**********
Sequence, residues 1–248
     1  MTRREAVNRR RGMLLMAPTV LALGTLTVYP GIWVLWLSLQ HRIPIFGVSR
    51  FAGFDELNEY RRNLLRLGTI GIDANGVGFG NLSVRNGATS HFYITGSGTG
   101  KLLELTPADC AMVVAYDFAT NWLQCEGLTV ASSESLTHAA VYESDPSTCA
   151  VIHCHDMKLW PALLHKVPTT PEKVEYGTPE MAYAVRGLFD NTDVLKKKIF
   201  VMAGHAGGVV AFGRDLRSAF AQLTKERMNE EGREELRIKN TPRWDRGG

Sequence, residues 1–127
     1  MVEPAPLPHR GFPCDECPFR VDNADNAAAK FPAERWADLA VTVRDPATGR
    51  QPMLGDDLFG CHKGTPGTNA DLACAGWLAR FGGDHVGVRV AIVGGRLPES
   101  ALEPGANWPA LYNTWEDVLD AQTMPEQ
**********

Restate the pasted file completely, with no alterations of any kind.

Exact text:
Sequence, residues 1–248
     1  MTRREAVNRR RGMLLMAPTV LALGTLTVYP GIWVLWLSLQ HRIPIFGVSR
    51  FAGFDELNEY RRNLLRLGTI GIDANGVGFG NLSVRNGATS HFYITGSGTG
   101  KLLELTPADC AMVVAYDFAT NWLQCEGLTV ASSESLTHAA VYESDPSTCA
   151  VIHCHDMKLW PALLHKVPTT PEKVEYGTPE MAYAVRGLFD NTDVLKKKIF
   201  VMAGHAGGVV AFGRDLRSAF AQLTKERMNE EGREELRIKN TPRWDRGG

Sequence, residues 1–127
     1  MVEPAPLPHR GFPCDECPFR VDNADNAAAK FPAERWADLA VTVRDPATGR
    51  QPMLGDDLFG CHKGTPGTNA DLACAGWLAR FGGDHVGVRV AIVGGRLPES
   101  ALEPGANWPA LYNTWEDVLD AQTMPEQ